PayPal Inc. has corralled a deal that brings its PayPal Payments options to the forefront and may pose a threat to ISOs and agents.
For the first time, DocuSign Inc. will offer its users who issue or obtain electronic signatures on contracts, agreements and other legal documents the option to collect payment simultaneously through PayPal Payments, the San Francisco-based electronic-signature transaction provider announced April 11.
“PayPal does a lot of interesting things, and the long play on this may be taking on the ISOs,” Brian Riley, senior research director and analyst with Needham, Mass.-based TowerGroup, tells ISO&Agent Weekly.
The DocuSign setup allows PayPal to possibly make more significant moves in the payments industry in the near future, Riley says. “There are tons of forms that have payments attached, but also tons of forms involved in the acquiring and processing business,” Riley says.
The ability to obtain e-signatures on those forms quickly could fit into PayPal’s plans, Riley suggests.
It may take some time to develop, but PayPal could use its partnership with DocuSign to begin acquiring merchant business on its own and circumvent the merchant acquirers and ISOs to seek more clients, Riley contends.
A week ago, PayPal, a unit of San Jose, Calif.-based eBay Inc., announced its PayPal Payments option as a way to aid small businesses and stressed the company has expanded beyond its former role as an online payment provider.
Ed Eger, PayPal senior vice president and general manager of PayPal Americas, views PayPal Payments as a step that bolster the company’s progress as an option for consumers and merchants for any type of payment.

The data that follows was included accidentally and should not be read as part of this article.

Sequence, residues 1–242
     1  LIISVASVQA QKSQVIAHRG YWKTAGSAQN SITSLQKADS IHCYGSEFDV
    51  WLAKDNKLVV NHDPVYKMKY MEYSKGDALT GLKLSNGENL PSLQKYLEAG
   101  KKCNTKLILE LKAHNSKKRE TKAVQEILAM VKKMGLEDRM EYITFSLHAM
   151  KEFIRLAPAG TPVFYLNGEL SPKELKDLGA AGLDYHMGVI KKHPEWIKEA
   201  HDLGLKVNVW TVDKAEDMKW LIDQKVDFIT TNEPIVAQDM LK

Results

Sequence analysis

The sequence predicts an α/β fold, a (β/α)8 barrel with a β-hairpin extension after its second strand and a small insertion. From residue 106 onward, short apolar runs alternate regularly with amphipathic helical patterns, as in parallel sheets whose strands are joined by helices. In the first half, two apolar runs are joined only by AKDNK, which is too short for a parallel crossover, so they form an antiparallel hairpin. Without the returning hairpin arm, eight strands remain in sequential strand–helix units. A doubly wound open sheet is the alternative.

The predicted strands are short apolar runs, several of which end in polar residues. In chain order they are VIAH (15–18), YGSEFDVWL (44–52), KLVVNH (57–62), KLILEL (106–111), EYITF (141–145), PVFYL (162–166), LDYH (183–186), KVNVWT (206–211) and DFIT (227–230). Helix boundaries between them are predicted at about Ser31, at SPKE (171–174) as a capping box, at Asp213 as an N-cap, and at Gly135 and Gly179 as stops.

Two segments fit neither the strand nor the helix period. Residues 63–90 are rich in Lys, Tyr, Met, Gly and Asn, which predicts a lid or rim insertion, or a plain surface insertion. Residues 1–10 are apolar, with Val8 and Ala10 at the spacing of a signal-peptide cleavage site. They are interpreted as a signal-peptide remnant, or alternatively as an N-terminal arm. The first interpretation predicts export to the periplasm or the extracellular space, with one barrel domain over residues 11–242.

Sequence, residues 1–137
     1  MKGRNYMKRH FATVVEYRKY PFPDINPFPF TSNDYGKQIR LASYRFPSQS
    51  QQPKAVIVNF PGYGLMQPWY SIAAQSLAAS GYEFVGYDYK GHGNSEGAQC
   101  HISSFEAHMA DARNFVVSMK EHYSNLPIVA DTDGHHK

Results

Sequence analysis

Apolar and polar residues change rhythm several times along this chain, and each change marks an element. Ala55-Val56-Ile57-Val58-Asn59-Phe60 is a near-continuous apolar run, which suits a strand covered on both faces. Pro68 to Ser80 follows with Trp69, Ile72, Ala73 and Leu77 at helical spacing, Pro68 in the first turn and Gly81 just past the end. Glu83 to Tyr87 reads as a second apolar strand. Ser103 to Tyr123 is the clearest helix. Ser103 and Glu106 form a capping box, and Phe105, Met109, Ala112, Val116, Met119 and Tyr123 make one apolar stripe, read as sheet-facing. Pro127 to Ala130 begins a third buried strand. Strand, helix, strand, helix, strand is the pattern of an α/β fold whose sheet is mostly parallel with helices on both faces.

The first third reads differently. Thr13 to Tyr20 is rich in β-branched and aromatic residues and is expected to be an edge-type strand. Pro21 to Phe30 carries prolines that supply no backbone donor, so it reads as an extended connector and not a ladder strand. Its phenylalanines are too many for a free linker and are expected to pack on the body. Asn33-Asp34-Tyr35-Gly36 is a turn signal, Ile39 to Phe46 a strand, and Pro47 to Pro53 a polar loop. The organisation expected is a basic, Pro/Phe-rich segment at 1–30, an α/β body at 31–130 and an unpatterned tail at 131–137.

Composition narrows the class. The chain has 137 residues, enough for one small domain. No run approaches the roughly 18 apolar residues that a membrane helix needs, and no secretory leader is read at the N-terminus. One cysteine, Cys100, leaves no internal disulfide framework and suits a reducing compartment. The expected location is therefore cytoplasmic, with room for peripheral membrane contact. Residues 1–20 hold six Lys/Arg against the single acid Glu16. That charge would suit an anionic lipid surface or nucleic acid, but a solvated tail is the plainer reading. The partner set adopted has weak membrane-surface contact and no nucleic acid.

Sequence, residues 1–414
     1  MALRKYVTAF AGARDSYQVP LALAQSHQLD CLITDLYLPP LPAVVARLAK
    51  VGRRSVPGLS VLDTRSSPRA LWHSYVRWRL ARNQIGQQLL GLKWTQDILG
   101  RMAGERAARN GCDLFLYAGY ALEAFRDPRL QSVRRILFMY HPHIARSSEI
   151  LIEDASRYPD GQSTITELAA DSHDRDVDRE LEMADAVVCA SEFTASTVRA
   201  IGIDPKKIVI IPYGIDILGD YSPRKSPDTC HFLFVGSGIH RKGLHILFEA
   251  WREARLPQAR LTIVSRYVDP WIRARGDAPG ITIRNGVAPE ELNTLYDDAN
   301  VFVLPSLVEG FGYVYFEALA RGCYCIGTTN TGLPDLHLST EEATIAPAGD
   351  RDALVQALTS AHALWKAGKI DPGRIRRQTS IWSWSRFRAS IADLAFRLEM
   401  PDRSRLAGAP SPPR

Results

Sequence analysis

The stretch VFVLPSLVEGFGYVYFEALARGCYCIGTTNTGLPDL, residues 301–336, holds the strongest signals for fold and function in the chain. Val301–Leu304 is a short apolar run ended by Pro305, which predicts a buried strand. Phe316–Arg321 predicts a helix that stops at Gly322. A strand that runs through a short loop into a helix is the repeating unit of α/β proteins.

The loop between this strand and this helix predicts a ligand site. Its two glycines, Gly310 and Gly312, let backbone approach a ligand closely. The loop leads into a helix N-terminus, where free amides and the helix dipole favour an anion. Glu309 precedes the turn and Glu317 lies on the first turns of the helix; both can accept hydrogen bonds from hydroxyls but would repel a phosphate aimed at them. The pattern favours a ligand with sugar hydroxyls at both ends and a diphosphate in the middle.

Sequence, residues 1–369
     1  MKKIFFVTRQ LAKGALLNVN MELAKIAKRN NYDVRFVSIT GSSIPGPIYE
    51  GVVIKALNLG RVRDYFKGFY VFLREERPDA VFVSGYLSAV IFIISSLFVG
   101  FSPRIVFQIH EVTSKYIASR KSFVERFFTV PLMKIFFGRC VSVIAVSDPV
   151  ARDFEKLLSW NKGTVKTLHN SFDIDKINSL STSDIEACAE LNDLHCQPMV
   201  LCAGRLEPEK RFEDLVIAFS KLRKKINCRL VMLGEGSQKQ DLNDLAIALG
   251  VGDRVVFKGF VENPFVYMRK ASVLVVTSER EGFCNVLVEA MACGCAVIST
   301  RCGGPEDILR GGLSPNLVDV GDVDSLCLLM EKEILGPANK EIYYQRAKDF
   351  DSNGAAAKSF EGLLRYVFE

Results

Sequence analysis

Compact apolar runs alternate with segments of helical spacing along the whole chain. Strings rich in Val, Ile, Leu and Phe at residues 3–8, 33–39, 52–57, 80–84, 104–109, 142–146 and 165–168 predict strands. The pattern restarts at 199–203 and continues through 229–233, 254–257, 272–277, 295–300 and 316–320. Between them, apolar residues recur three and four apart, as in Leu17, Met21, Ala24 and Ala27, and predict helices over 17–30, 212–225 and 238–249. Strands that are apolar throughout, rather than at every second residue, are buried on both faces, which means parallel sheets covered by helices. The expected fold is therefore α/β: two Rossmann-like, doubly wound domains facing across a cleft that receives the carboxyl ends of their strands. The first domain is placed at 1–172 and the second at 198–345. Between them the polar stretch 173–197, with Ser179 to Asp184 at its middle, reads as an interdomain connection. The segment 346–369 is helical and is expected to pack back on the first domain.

“Helping small businesses get paid is PayPal’s sweet spot,” Eger wrote in his April 5 blog when touting PayPal Payments.
Providing payments for business transactions is a logical new step for PayPal because the company has been “revolutionizing the payments industry for the past 14 years, first with online payments in 1998 and then with mobile payments in 2006,” Eger wrote.
PayPal executives were not available for comment, but Eddie Davis, senior director of North America Partnerships at PayPal, stated in a press release that the company is “excited to be the first payment processor to work with DocuSign to make transactions completely digital so they are simple, fast and secure.”
The partnership marks DocuSign’s first venture into offering a payments option it will call DocuSign Payments for the 15 million customers who use the e-signature service, Gregor Perotto, director of corporate marketing for DocuSign, tells ISO&Agent Weekly.
PayPal originally touted PayPal Payments as an ideal option for small businesses, but Perotto suggests working with DocuSign potentially will expose PayPal to larger businesses and transactions.
“This could be huge for PayPal because our customers range from individual consumers to professionals such as lawyers, insurance companies and contractors to large business departments for major insurance companies,” Perotto says.
Since DocuSign began its service in 2003, the company has provided e-signatures for more than 120 million transactions, most of which have included a payment aspect, he adds.
PayPal would process DocuSign Payment transactions in a matter of seconds, which complements DocuSign’s mission of completing transactions quickly with e-signatures on documents and contracts that otherwise could take days to process, Perotto notes.
Customers can set up payment processing with PayPal through DocuSign’s website by selecting an “enable payment processing” button and designating a PayPal account for payment transfers, a DocuSign press release noted. Customers who do not have a PayPal account can set one up during the process or opt to pay with a credit card.
DocuSign offers the payments service to customers as an optional add-on to the DocuSign for Business or DocuSign for Enterprise software editions, the company stated. Customers pay rates based on the number of payment transactions required.
It is not unusual for some of the larger insurance companies using DocuSign to issue millions of documents a year that would call for payment processing, Perotto says.